Ghost Town Gathering: Friends of Bodie Day

Behold living history presentations around the most famous ghost town in the West.

Alysia Gray Painter

THE HISTORY-LOVING, SIGHT-SEEKING TRAVELER... really wants it both ways all the time. "Both ways all the time" is pretty much impossible, regardless of the situation at hand, and yet, it is true in this respect. The adventurer wants to trot into a storied town and have time alone, or mostly alone, with it. Quiet and wind and calm should rule, and the traveler can stand before the tale-packed buildings awash her in thoughts. And yet... And yet. Sigh. The traveler also wants to hear costumed actors present the characters of the wayback era, offerings that help fill out what the plaques upon the buildings and the brochures given out at the gate cannot (or at least cannot quite as colorfully). Thank our sweet boots that Bodie, "the best example of an old mining town in America," caters to both our wishes to be silent among the silent structures and, on occasion, beef up our knowledge of the famous ghost town. That beefing up will occur on Saturday, Aug. 8, which happens to be Friends of Bodie Day around the state park, a fun fundraiser that actually is both about beefing up and beef. For there's...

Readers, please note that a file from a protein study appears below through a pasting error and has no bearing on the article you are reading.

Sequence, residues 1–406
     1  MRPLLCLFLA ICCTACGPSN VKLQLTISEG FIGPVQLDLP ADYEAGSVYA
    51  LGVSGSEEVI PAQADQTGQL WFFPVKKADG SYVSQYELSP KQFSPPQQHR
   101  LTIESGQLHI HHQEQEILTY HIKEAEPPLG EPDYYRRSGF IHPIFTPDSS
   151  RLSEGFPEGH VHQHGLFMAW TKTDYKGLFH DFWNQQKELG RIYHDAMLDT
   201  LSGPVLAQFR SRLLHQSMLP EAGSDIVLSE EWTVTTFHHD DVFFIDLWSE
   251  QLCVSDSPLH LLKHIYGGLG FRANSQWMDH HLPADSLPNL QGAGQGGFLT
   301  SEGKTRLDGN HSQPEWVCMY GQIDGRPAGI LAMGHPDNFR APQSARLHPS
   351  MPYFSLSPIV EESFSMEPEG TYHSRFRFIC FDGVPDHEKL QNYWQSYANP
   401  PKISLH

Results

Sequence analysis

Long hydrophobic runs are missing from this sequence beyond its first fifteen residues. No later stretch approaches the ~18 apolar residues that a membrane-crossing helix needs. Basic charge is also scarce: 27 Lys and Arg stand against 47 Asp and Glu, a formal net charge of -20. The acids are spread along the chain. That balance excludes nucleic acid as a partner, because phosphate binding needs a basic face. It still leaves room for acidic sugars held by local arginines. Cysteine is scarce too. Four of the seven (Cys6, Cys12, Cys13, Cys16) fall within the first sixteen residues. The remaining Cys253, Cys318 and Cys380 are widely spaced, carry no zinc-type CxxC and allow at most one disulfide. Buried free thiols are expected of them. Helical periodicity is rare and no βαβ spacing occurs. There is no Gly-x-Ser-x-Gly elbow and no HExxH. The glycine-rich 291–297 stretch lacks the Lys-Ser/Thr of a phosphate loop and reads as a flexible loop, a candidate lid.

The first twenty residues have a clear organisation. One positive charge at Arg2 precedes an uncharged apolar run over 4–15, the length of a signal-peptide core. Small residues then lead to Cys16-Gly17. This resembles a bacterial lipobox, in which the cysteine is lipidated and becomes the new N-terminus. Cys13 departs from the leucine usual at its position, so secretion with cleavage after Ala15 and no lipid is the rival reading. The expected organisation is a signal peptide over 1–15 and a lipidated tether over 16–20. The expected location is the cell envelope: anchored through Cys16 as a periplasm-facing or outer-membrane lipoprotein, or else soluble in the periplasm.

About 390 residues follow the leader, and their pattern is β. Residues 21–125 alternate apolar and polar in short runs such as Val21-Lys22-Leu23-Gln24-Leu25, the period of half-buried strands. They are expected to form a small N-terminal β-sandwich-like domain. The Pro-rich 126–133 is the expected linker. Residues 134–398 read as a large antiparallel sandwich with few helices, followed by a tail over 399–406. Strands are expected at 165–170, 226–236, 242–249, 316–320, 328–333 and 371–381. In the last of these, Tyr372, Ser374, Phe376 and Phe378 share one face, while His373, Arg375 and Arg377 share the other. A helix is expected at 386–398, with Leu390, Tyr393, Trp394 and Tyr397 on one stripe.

A BARBECUE ON... for attendees, and lots of living history presentations, too. "Period Costume Encouraged," recommends the flier, though you'll want to leave those pistol replicas at home. Bring your appetite for knowledge, for it shall be filled. How was the town settled? How many people lived there around 1870, when it was in full bloom and boom? And what made it a ghost town? All questions that are ably answered. Ponies, old-style buggies, old-style songs played live, and other era-specific accouterments will lend liveliness and meaning to the day. Non-members of the Bodie Foundation are welcome to join from 9 a.m. to 6 p.m. while an evening program is open to members. Does that tempt you to join, history-loving, sight-seeking traveler? If you haven't yet? For Bodie is so rarely open to the public by night. And figure a foundation membership helps to keep a treasured place in the ideal state of "arrested decay" it gently occupies. Saddle up and clip-clop this for all the ye olde need-to-knows.

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